Fora nation anda Navythat relies on petroleum, Secretary of the Navy Ray Mabus has estab- lished ambitious goals to reduce that dependency. And not because it’s the “green” thing to do. It
is about the mission.
Speaking at the World Energy Innovation Forum in
Fremont, Calif., in March, Mabus said, “Optimizing
our energy use is a force multiplier, increasing our
capabilities, our impact and our endurance across plat-
forms and disciplines. Factoring energy use into our
planning and execution gives us a combat advantage,
enabling us to gain the most effect from every gallon of
fuel or watt of electricity.”
Energy efficiency can be engineered into systems. For
example, the amphibious assault ship USS Makin Island
(LHD 8) has a hybrid propulsion system that uses elec-
tric motors for propulsion at low speeds and gas tur-
bines at higher speeds. During its maiden deployment
that began in November 2011,
Makin Island was able to save 4
million gallons of fuel and remain
on station longer between refuel-
ings than traditional LHDs.
Using the hybrid drive 50 percent
of the time increases time on station
by as much as two and a half days
between refuelings, and by as much
as four days using it 75 percent of
the time. The Navy plans to upgrade
18 Arleigh Burke-class guided-
missile destroyers with hybrid drive.
Deputy Assistant Secretary of the
Navy (Energy) Joseph M. Bryan told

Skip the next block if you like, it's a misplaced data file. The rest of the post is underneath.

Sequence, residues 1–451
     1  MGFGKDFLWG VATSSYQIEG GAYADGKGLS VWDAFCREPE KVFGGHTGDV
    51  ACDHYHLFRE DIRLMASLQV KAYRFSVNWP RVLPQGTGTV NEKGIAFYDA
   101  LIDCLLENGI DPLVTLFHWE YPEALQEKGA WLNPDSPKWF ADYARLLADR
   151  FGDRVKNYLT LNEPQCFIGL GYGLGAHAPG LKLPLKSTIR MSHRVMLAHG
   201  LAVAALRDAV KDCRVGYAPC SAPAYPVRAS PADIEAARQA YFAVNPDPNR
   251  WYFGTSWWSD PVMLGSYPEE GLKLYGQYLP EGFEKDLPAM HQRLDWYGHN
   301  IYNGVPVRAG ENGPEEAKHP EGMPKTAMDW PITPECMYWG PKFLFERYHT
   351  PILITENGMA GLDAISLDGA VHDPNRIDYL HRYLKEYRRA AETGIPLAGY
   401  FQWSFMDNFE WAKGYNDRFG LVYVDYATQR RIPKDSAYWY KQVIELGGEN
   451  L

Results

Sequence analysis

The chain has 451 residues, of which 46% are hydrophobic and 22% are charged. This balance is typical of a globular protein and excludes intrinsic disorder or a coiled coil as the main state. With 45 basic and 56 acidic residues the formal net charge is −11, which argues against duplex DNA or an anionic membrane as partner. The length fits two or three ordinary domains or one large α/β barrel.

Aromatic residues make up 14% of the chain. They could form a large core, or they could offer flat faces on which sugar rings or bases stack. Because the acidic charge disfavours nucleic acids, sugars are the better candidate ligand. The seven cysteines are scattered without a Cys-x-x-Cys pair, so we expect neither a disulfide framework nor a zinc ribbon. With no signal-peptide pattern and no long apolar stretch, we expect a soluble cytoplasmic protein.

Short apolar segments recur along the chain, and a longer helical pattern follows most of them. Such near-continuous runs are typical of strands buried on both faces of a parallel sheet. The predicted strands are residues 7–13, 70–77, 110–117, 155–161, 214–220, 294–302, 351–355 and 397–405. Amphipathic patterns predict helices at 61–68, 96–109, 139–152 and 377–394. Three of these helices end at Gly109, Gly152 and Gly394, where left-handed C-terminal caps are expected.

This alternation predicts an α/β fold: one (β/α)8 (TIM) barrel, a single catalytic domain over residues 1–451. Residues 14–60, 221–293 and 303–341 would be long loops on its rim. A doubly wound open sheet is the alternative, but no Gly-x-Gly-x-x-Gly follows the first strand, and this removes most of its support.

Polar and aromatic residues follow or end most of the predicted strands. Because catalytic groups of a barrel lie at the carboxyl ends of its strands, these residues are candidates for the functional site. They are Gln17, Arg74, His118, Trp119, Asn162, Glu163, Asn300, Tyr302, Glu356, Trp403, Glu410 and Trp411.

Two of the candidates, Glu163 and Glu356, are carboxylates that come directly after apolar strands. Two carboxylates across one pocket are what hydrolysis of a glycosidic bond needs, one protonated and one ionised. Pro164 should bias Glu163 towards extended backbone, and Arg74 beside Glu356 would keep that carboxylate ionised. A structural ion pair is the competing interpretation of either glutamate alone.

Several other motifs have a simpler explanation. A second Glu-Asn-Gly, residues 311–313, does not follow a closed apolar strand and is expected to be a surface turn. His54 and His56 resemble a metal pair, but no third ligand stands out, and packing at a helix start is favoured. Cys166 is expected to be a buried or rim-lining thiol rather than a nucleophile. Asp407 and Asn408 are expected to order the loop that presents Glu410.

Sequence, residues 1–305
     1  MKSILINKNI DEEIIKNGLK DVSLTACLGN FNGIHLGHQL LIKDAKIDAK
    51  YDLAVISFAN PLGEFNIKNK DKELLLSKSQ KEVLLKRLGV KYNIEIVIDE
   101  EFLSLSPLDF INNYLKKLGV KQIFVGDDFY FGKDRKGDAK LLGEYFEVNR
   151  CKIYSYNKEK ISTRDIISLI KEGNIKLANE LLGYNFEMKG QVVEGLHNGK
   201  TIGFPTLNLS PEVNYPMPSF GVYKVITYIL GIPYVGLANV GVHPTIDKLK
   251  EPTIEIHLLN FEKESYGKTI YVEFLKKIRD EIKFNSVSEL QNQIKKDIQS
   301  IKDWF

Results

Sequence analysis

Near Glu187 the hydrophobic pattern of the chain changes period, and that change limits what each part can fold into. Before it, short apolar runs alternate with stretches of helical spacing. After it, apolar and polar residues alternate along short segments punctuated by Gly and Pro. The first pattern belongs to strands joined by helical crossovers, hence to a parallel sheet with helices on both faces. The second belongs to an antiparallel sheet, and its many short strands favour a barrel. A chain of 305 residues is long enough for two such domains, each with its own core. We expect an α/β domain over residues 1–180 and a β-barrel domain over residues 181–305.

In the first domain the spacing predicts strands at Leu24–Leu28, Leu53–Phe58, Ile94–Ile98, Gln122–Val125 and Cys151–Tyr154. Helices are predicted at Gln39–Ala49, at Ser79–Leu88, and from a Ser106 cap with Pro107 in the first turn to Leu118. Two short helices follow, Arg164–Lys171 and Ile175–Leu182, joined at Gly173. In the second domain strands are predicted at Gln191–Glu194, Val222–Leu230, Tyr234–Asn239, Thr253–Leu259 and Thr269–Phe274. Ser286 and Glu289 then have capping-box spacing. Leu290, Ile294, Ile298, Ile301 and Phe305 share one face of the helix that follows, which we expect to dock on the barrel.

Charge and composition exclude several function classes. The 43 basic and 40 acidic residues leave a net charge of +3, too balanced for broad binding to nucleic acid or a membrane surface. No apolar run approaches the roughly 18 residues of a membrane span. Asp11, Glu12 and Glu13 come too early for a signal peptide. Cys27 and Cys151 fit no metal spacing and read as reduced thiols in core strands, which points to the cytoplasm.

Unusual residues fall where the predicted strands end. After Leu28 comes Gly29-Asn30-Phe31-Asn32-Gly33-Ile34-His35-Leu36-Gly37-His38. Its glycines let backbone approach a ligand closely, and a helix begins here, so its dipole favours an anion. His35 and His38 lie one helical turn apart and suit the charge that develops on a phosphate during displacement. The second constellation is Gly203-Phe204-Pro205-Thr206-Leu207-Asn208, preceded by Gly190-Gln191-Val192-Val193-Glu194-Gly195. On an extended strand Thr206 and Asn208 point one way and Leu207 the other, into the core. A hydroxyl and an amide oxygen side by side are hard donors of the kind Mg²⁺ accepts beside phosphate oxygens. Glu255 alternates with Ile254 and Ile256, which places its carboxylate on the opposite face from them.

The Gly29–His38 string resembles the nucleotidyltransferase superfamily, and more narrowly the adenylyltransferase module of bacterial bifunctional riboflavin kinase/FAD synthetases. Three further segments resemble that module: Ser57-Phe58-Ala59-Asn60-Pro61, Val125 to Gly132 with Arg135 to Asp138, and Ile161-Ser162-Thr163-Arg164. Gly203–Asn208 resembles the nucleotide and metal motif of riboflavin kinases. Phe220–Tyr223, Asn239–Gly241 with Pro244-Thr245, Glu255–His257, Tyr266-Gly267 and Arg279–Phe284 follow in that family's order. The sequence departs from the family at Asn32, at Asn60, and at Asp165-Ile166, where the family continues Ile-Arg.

Seapower the driving force behind
the department’s renewable energy
goals is not environmental steward-
ship, although that is important.
“We’re transforming how we use
energy because it matters so much
to the mission. We want to be able
to go farther on a tank of gas and stay on station longer
without having to refuel. We also want to diversify our
energy sources to provide as much operational flexibil-
ity as we can get,” he said.
According to the Navy’s Renewable Energy Program
Office, the service currently produces about 22 percent of
its total annual facility electricity from renewable sources.
There are a variety of materials that can be converted
to fuel, such as corn, sugar cane, sugar beets, sawgrass,
pond algae or leftover cooking oil from fast food restau-
rants. Some of these fuels are no longer experimental.
The Navy recently purchased 77 million gallons of
blended military-standard F76 fuel — used for ship propulsion — at the same price as conventional fuel ($2.05
per gallon), which was made cost-competitive thanks to
a 15-cent per gallon “commodity credit” contribution
from the Department of Agriculture. Bryan said the “bio”
component is waste beef fat provided by U.S. farmers.
Mission mandates the Navy embrace new energy sources
By EDWARD LUNDQUIST, Special Correspondent
Secretary of the Navy Ray Mabus in 2009 said he aimed to
increase the use of alternative energy across the Department of
the Navy and, by 2020, 50 percent of total energy consumption
would come from alternative sources.
n By 2020, the department would produce at least 50 percent
of shore-based energy requirements from alternative sources; 50
percent of Navy and Marine Corps installations will be net-zero.
n The department would demonstrate a Green Strike Group in
local operations by 2012 and sail it by 2016, which it accomplished.
n By 2015, the department would reduce petroleum use in the
commercial fleet by 50 percent, which it also accomplished.
n The Department of the Navy has issued policy guidance concerning the use of energy-related factors in acquisition planning,
technology development and source selections for platforms and